Ramadan traditions that families in UAE treasure during the first iftar

Residents cherish time spent exchanging stories with the younger generation

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The first iftar of 2023 was an opportunity for many families to catch up.

Parents recounted memories of how people ended daily fasts when they were young, as they introduced children to traditions passed down through generations.

For as long as she can remember, Abu Dhabi resident Layali Al Junibi, 30, has spent the first Ramadan iftar with close relatives at her grandfather’s home in the UAE capital.

Thursday was no exception as four generations of the Emirati family gathered, all bringing special meals to share with more than 25 people around the family table.

It is a time for us to catch up with each other
Layali Al Junibi, Emirati mother

“It was a full house and it’s always been at my grandfather’s house,” said Ms Al Junibi, the mother of four boys aged between 13 and five.

“On the first day of Ramadan we must all come together. You can spend the second day at home but the first must be with the extended family."

Meeting your family during Ramadan is not like normal days, she said.

"We can stay up late, find out how each person is doing and what is happening in everyone’s lives. It is a time for us to catch up with each other.”

Her seven-year-old son Theyab enjoys baking cakes so they took a special biscuit and cream creation that she helped him prepare, to add to the table filled with Ramadan delicacies.

Harees, a popular traditional porridge-like dish prepared by cooking wheat for several hours with meat added, is a must for iftar.

Another dish she remembers from childhood is thereed ― slow-cooked stew with chicken and roasted vegetables served on top of a traditional Emirati bread ― and a key part of a Ramadan meal.

The first iftar on Thursday evening mainly took place outdoors with people enjoying the cool evening weather the UAE is experiencing.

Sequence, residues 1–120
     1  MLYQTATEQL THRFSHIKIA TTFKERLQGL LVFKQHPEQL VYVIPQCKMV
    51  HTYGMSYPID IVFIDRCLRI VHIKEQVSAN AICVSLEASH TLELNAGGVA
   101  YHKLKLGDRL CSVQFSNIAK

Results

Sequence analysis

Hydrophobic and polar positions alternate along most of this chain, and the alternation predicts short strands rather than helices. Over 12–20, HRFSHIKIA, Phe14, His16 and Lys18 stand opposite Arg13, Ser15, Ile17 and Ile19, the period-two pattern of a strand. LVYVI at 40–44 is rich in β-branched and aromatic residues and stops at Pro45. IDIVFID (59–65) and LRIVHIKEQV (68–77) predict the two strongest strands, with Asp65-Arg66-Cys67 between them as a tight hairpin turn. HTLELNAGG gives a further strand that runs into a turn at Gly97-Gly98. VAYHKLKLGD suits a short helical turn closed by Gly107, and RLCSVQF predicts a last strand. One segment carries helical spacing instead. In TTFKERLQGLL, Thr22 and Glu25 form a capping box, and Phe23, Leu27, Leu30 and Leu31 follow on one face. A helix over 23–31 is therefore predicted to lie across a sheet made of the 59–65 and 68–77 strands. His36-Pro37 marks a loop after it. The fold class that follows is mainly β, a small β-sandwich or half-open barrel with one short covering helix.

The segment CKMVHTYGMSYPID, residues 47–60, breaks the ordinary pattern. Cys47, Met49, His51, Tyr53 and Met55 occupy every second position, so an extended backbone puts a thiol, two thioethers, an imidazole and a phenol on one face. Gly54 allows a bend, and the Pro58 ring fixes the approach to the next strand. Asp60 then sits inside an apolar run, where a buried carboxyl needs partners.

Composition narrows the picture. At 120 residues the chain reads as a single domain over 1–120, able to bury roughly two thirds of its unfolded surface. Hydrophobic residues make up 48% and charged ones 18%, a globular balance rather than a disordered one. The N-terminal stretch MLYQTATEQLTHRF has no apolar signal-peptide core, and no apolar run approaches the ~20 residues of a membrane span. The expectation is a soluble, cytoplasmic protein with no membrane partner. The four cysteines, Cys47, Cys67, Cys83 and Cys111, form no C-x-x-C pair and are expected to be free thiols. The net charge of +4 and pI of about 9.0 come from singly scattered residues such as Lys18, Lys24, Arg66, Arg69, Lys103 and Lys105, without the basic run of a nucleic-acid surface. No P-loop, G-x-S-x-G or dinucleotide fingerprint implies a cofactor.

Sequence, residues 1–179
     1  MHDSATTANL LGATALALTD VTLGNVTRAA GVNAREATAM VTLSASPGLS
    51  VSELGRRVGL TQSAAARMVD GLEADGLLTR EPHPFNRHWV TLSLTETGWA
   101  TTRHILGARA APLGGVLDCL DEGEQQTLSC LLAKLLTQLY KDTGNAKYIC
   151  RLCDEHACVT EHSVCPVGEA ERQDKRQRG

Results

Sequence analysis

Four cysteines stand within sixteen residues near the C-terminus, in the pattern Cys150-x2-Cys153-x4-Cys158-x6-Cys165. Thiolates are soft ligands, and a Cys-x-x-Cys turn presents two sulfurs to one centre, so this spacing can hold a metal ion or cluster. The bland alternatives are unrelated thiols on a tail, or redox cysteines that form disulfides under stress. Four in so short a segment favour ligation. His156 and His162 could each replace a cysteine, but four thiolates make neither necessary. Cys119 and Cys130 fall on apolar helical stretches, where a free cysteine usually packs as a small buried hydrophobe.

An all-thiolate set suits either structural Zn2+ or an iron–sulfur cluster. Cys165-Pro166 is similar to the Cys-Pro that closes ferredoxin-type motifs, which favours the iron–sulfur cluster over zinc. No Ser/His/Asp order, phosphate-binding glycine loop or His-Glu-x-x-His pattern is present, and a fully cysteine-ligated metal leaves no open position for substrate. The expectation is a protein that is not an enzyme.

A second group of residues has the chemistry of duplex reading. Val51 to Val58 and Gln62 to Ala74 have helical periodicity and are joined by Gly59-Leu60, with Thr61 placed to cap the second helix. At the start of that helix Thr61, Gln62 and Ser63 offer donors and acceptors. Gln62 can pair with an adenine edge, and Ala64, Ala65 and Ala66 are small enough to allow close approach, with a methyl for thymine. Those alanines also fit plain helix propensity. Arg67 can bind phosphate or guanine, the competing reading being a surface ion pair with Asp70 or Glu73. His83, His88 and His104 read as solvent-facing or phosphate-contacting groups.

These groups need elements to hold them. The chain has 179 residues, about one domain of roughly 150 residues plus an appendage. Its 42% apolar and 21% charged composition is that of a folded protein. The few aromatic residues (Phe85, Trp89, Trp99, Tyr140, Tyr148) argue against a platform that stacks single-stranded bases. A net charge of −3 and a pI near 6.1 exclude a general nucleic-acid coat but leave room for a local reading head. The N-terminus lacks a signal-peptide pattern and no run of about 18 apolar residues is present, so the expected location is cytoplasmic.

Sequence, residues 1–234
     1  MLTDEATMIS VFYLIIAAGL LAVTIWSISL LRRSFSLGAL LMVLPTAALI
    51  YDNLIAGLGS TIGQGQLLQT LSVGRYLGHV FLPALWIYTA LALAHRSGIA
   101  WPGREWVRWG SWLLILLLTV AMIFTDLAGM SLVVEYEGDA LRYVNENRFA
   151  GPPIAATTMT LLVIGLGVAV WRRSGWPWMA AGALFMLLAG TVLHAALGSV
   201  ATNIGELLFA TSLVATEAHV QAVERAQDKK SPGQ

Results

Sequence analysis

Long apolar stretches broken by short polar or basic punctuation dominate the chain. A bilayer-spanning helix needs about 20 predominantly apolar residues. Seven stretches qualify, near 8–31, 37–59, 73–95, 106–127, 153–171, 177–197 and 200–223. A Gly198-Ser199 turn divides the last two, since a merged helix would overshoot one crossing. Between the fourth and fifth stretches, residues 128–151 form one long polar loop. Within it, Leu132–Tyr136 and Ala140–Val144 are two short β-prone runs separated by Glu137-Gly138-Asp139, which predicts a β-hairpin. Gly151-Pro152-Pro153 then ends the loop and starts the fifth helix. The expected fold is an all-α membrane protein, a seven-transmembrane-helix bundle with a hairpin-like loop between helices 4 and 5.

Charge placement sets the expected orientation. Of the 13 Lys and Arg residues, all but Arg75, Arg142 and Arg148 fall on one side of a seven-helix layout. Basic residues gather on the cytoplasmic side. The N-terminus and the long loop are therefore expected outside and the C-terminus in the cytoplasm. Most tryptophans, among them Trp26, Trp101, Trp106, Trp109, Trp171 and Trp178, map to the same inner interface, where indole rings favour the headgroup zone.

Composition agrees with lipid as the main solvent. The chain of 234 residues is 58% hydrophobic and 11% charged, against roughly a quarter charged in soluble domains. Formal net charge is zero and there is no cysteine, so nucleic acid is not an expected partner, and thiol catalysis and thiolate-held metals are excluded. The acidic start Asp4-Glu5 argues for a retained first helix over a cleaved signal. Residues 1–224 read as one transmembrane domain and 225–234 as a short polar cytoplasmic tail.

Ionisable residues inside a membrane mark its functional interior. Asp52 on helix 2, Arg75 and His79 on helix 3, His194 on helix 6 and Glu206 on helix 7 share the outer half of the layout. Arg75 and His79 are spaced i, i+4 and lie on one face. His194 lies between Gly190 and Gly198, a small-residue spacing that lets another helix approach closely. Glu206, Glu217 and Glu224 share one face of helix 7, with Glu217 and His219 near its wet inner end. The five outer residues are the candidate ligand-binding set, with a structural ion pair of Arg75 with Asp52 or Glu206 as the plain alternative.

Several families have put up tents where extended family, friends and neighbours will be invited for Ramadan meals later in the week.

Family bonding time

For Amna Al Obeidli, a 33-year-old Emirati, the first iftar was about sharing the significance of prayers with her young children aged eight, six and three.

Connecting with her children, as she and her husband answer their questions while sharing a Ramadan meal is key to the start of the holy month.

“The first Ramadan is with the immediate family, my husband, the kids and I. The first day is very important because it’s the only time in the day all of us meet together,” said Ms Al Obeidli who works in the health services sector.

“You can see the bonding around the table, the children know we are available and they ask us all sorts of questions.

“They want to know about fasting, why it’s done in this month and about suhoor [meal eaten before dawn].

“We explain more about the times that we pray, why we pray and how we do this for Allah.”

The children were also busy preparing greeting cards to give to cousins, aunts and uncles who they would meet during the holy month’s second iftar on Friday. More than 30 relatives will gather in Abu Dhabi, Ms Al Obeidli said.

Ramadan this year is even more special as the anxiety of Covid-19 no longer lingers.

“During Covid, we could not go outside,” she said.

“Now the children go out before iftar to buy laban with their father.

“There are so many rituals the children are used to that we could not do in previous years.

“Everybody is happy to go back to how it was before Covid.”

A '24-carat pure gold' life

Indian expatriate Fajila Azad has twin reasons to give thanks this Ramadan.

The freelance writer received a golden visa for her work as an author of self-help books in the Tamil-language.

“This Ramadan is a beautiful time for me as I got the golden visa and my new book is out and is being translated into English,” said the writer of a motivational book, 24-carat life.

“I shared the news with my family during iftar. My book is about living a life that is pure gold, without regret.

“It was a joy to greet everyone after a long time because everyone is busy with their own lives.”

About 50 relatives gathered in the garden of a cousin’s home in Dubai to feast on ouzi, well-marinated goat meat flavoured with spices, eggs and nuts, the main iftar meal.

Ms Azad has lived in the UAE for more than 30 years and the past three years have been tough due to the fear of the spread of infections during the coronavirus pandemic.

“This is the most welcome Ramadan because there is hope we can now celebrate like we used to,” she said.

“There is no mind-block anymore about Covid.

“Meeting for iftar is good for the mind because you need to pray, share food and meet your friends and family to stay content with life.”

Updated: March 24, 2023, 2:51 PM